You know when you’re having an argument but you realise a bit too late that you might actually be wrong and there’s just no point arguing anymore except to somehow prove the other person wrong and then your best mate turns to you and whispers: “Allow it”? I’m thinking that’s been a common theme with us.
Making Some People Talk About Violence has been like a really long fight. Well, not entirely… at the start we were frustrated, and the show (or pieces of it) was a mess, all eleven of us were pitching in trying to devise, to get our voices heard, going from being completely free, open and honest to suddenly self-policing any creativity through panic mode, wtf-does-this-even-mean-anymore mode, and over analysing all of the fun till we just thought: RIGHT, let’s get some daylight, watch “You want see state of our Wes” on YouTube and keep whatever we have for now anyway. I think we trusted that somehow it felt honest to keep working on those instinctual ideas and we actually just made more *mess* because there was always heart to it. We stopped when we ran out of time, we picked our favourite bits, negotiated a structure and showed it to some people at a scratch at New Diorama; it was more important to try it out than to be precious about the process. We then got to a point where we were like: “Right, maybe that worked?” And we went with *that* (still not really knowing entirely what *that* was).
It took sharing it to own what we’d come up with at that stage, for us to be like: yeah, allow it. There were people in that audience that had got *something* out of us being present, and a lot of the ‘magic’ of the show actually happened during the moments we made decisions for the first time with and for this particular audience.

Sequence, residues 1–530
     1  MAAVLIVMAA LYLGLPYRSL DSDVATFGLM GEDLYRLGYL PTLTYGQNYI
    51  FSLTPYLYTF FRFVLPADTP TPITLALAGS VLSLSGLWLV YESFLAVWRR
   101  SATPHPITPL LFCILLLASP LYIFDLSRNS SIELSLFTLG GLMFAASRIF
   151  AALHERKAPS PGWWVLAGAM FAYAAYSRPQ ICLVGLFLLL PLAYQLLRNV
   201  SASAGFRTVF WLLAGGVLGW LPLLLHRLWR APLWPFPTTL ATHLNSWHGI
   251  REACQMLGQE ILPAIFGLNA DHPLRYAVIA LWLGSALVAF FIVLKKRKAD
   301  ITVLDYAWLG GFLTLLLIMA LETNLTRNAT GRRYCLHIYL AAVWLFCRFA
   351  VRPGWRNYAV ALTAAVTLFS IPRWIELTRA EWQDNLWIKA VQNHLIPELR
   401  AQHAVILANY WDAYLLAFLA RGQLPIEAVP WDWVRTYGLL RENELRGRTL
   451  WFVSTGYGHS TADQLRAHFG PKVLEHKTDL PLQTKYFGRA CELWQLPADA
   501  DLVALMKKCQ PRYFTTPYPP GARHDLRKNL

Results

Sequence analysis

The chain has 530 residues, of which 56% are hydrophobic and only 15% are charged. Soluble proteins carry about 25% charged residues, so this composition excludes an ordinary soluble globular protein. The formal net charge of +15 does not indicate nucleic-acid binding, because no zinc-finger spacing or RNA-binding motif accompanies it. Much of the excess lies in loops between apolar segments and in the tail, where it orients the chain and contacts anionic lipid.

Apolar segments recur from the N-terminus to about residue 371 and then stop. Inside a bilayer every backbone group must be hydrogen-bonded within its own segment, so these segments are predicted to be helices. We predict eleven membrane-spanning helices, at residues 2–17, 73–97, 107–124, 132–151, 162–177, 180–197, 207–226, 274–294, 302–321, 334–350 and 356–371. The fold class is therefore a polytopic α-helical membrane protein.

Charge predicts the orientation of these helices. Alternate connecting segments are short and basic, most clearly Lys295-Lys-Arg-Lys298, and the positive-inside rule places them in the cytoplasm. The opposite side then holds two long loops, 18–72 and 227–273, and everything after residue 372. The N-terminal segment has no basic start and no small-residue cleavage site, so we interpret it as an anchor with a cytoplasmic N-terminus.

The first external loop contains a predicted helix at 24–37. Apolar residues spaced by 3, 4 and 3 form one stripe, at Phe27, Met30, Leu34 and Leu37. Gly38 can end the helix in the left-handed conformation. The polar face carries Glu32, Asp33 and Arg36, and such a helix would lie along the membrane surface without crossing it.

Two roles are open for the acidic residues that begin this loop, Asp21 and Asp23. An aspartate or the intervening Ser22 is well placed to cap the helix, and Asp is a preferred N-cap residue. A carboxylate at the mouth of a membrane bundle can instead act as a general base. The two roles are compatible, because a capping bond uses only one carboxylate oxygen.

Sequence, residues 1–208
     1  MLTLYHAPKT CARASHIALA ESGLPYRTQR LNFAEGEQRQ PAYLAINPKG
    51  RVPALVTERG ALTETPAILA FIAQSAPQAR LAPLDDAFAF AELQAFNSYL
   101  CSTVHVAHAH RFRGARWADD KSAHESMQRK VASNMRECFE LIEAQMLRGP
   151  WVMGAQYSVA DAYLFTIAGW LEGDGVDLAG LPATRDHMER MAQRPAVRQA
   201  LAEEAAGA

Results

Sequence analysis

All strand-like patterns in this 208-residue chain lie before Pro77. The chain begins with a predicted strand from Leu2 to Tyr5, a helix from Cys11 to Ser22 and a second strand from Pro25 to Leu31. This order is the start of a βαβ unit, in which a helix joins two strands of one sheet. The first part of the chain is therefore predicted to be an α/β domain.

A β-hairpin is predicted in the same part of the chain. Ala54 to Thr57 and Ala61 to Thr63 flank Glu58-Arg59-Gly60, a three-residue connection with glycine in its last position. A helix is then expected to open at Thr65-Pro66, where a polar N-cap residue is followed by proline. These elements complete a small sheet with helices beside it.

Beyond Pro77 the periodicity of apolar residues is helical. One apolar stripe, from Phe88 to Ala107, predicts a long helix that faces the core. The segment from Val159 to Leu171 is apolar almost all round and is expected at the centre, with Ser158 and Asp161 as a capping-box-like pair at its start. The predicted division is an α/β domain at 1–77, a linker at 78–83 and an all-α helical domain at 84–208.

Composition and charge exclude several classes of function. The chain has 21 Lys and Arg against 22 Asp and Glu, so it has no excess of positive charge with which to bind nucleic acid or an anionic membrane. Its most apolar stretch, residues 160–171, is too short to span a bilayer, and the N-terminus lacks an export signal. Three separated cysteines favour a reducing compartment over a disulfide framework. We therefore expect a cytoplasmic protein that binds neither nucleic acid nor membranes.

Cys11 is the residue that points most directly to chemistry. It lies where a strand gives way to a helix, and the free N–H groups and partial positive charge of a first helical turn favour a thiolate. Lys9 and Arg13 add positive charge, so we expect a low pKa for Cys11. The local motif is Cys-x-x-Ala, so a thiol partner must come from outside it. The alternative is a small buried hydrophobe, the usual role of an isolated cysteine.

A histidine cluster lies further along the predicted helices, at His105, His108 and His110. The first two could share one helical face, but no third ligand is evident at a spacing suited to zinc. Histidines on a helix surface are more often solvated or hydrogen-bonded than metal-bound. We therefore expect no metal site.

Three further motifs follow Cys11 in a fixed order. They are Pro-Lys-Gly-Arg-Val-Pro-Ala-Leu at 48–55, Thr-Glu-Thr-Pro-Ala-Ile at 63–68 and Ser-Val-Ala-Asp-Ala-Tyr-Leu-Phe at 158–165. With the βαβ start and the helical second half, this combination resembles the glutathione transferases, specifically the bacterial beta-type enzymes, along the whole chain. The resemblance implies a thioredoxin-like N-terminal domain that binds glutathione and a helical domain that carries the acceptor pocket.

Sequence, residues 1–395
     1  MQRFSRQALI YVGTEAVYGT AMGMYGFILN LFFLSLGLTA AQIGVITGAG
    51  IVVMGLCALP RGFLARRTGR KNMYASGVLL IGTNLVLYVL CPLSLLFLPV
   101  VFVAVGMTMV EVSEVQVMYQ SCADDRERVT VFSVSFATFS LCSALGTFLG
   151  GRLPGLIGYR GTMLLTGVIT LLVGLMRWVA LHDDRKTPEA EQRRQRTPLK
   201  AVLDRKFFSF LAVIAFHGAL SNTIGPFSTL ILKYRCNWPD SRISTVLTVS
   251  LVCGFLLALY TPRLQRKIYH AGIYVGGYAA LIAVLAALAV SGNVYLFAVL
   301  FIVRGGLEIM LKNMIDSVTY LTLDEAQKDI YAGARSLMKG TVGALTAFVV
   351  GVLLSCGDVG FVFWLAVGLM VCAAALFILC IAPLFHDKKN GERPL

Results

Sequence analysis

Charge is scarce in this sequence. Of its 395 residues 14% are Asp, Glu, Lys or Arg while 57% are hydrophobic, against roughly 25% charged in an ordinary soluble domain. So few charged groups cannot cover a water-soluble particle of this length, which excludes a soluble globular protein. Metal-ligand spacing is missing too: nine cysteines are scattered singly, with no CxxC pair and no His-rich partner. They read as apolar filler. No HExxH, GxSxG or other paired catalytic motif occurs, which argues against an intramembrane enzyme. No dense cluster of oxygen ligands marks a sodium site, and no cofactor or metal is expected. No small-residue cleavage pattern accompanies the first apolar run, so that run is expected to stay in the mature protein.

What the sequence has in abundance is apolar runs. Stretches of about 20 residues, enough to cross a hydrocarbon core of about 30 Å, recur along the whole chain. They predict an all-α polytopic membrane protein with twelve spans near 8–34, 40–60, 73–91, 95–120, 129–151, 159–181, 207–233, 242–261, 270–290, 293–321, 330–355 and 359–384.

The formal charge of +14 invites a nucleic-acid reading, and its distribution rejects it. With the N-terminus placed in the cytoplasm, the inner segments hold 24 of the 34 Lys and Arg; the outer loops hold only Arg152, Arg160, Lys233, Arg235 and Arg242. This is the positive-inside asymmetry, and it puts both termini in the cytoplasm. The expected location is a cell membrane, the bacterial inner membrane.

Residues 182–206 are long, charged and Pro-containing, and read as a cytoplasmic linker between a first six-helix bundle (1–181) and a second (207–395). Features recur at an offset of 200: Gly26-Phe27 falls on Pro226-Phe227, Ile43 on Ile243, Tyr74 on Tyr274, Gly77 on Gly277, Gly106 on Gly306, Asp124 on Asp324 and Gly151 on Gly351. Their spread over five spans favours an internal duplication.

Since then, we’ve attempted to hold on to that honesty but draw a lot of it from driving the story home. As well as being more decisive, we kept reminding ourselves that whatever happens it can’t all be prescribed, it has to feel like a new show each time, otherwise, we will get bored and we will be giving the audience recycled boredom. It stayed so open that the structure was actually up for debate up until around the third preview we had in Edinburgh. We eventually found it was actually quite liberating finding the spontaneity in how we performed it so we decided on a rigid structure in the end.
(Not entirely sure this is gonna work guys…)
Each of us have brought our opinions into this show, which keeps it exciting for us to do over and over and is one of the main reasons we’ve had a rotating cast. The eleven of us have talked so much about this family, about ‘some people’ and what we’re wanting to ask, say, make – but essentially we do reach our limit of absolutes, and leave the rest up to performance. What I love about working on this show is that we performers have trusted each other to go with our own interpretations of the story, and there isn’t much that’s more thrilling than not knowing how people are going to behave from start to end. Every show has had a different vibe, we’ve had angry shows, hopeless shows, a show that’s full of love, resentment, desire and a show that manages to mix all of those. All the while, it’s been important we don’t *stick* to everything that works and that we keep chasing the danger – this was what we said to ourselves for Nothing, and that’s the one thing we thought: let’s stick to that.
(I just dunno)
It’s a little different this Autumn run as there are now only four of us that make up the four people for each show. We’ve had to re-negotiate the ‘absolutes’ – for time and consistency, and more excitingly, mess with the ‘changeables’ to fit a new gang of four. We asked performers Ellice and Craig to get on board after Edinburgh, and again, a new cast (new people) have made a new show that we are all making and performing as a collective. Craig hadn’t seen the show, Ellice had a few times, Joe and I had done it a lot, and so we all came into rehearsal with a different relationship to the thing we were re-making. It’s been so necessary re-understanding the show, realising some ideas feel not-so-precious anymore, some things just are, and it’s just fun having the chance to create new material based on the new group. And, we now we have the next ‘instalment’ of SPTAV.
The show will change again, I hope. Maybe just a little. But ultimately we want to hold on to the honesty and spontaneity, to allow the instinctual ideas to be tried, for mistakes to happen, and to also accept there are some things that just feel right to keep.
Catch Some People Talk About Violence from Tue 1 – Sat 12 Dec at 9pm, plus Nothing and new scratch performances as part of the Barrel Organ Takeover Weekend, Sat 5- Sun 6 Dec.